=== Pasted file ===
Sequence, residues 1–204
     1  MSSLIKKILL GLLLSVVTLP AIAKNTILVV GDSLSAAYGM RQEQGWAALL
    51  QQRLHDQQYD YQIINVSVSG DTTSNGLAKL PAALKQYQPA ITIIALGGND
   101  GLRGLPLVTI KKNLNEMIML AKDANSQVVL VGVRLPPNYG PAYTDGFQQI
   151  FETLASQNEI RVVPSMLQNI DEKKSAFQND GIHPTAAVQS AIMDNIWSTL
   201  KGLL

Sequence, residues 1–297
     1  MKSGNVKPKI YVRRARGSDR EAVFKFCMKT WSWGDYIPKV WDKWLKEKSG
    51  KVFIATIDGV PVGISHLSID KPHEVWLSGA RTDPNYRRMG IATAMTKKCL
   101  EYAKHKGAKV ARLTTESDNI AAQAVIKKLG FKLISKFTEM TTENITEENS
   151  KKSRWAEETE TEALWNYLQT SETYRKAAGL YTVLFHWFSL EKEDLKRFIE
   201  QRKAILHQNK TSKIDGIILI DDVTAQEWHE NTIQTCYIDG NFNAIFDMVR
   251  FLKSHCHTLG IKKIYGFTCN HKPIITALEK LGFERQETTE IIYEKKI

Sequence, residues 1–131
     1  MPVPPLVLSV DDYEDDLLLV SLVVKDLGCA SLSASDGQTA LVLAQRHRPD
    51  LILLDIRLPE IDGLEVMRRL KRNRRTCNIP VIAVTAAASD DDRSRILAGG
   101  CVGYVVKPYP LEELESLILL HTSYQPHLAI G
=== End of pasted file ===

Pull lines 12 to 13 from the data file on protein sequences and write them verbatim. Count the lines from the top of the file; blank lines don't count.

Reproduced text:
   201  QRKAILHQNK TSKIDGIILI DDVTAQEWHE NTIQTCYIDG NFNAIFDMVR
   251  FLKSHCHTLG IKKIYGFTCN HKPIITALEK LGFERQETTE IIYEKKI